Thomson operates the UK's first flight fuelled by cooking oil

Most travellers would welcome airlines using sustainable fuel to get them to their gap year destinations, and this week one company may have taken a big step towards that goal.

On Thursday Breaking Travel News reported that Tui-owned airline Thomson Airways had operated Britain's first commercial flight powered by biofuel. 

The flight saw 232 passengers travel on a Boeing 757-200 from Birmingham Airport in the UK to Arrecife, Lanzarote in the Canary Isles. The four-hour flight involved one engine being filled with a mixture of regular jet fuel together with hydroprocessed esters and fatty acids, which are produced from used cooking oil. 

Chris Browne, Thomson Airways Managing Director, said: “This is a very exciting day for Thomson Airways and a further step in our commitment to invest in sustainable aviation biofuel."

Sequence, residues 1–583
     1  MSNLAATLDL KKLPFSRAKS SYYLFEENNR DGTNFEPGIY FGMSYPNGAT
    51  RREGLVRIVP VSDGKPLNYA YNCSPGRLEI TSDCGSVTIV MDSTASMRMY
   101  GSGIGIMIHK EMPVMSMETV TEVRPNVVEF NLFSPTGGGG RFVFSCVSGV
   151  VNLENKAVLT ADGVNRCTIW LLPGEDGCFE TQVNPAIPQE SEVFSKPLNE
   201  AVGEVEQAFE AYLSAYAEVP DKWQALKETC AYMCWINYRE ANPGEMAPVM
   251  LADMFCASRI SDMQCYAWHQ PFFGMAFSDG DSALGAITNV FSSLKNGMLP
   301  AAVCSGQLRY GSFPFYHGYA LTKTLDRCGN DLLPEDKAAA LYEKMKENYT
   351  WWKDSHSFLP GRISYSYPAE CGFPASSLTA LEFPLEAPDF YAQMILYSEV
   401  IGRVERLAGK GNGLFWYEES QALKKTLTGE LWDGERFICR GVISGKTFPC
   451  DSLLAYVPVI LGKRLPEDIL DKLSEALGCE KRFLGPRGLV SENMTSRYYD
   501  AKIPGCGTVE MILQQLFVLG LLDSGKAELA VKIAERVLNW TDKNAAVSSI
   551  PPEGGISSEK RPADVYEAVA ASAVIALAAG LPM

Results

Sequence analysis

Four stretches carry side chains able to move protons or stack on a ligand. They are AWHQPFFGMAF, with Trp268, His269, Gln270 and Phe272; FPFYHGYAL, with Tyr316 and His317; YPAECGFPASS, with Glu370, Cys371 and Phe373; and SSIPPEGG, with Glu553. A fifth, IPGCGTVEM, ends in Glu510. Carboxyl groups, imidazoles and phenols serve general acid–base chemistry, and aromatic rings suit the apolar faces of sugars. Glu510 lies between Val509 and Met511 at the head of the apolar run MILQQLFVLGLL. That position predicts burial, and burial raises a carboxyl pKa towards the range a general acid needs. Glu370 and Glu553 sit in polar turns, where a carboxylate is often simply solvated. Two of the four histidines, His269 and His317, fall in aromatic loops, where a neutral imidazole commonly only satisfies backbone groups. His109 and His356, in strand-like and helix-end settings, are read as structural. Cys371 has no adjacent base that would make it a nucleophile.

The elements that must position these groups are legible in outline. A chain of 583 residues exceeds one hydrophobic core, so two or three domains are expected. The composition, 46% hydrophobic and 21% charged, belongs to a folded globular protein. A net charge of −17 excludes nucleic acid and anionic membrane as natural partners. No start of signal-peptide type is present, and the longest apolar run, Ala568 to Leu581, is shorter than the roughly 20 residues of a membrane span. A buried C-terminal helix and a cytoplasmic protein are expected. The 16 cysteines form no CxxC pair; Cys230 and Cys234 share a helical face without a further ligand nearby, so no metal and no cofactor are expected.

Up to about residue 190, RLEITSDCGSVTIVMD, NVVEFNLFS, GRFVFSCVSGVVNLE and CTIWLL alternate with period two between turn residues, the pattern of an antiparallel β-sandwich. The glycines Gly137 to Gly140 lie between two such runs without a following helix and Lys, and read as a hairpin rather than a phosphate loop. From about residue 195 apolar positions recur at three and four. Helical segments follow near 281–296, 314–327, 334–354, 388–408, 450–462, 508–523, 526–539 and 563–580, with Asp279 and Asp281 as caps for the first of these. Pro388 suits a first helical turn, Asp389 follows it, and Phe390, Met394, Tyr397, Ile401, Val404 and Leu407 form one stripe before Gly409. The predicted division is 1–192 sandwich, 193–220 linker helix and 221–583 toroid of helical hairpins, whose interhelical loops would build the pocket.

Browne believes that moving to air travel powered by biofuel will help achieve the Government’s carbon budget which commits the UK to reduce its carbon emissions by 50% by 2025.

He added: "Sustainable biofuel has the potential to reduce aviation emissions by up to 80% in the long term.”

However, not everyone has been impressed by Thomson's 'landmark' flight. Some environmental groups have heavily criticised the implication that this week's event heralds a new dawn in green aviation.

Planes fuelled by chip fat?

ActionAid described the move to biofuels as 'little more than greenwash', while Friends of the Earth claimed that biofuels were unsustainable.

Biofuel costs more than ordinary jet fuel, and there has been speculation that the additional cost of the greener fuel could be passed onto customers. 

Story and quotes sourced from Breaking Travel News

Do you think the Thomson flight represents a genuine commitment to cleaner travel? Or was it simply a publicity stunt? Would you be prepared to pay more for a flight powered by biofuel? Let us know your thoughts by leaving some comments below.